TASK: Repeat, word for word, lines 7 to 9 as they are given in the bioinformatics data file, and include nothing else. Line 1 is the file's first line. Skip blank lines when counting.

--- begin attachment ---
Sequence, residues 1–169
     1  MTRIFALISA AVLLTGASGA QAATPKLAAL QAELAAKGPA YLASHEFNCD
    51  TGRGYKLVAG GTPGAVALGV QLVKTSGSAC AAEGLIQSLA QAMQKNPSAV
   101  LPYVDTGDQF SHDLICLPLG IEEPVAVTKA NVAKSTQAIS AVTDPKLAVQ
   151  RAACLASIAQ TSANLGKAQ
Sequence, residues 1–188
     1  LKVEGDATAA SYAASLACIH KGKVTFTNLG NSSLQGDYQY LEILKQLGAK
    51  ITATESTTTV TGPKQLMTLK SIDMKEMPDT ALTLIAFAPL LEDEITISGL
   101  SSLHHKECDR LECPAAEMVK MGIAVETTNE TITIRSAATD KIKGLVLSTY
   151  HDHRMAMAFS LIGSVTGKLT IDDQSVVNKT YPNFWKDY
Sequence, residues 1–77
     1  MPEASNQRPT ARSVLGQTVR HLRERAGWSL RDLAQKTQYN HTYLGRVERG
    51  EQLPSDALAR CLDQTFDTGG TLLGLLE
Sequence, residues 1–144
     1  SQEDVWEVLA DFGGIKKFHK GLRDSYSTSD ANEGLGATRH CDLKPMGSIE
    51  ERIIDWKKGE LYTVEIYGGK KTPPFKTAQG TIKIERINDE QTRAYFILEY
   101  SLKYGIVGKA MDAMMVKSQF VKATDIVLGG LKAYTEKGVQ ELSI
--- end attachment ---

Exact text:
     1  LKVEGDATAA SYAASLACIH KGKVTFTNLG NSSLQGDYQY LEILKQLGAK
    51  ITATESTTTV TGPKQLMTLK SIDMKEMPDT ALTLIAFAPL LEDEITISGL
   101  SSLHHKECDR LECPAAEMVK MGIAVETTNE TITIRSAATD KIKGLVLSTY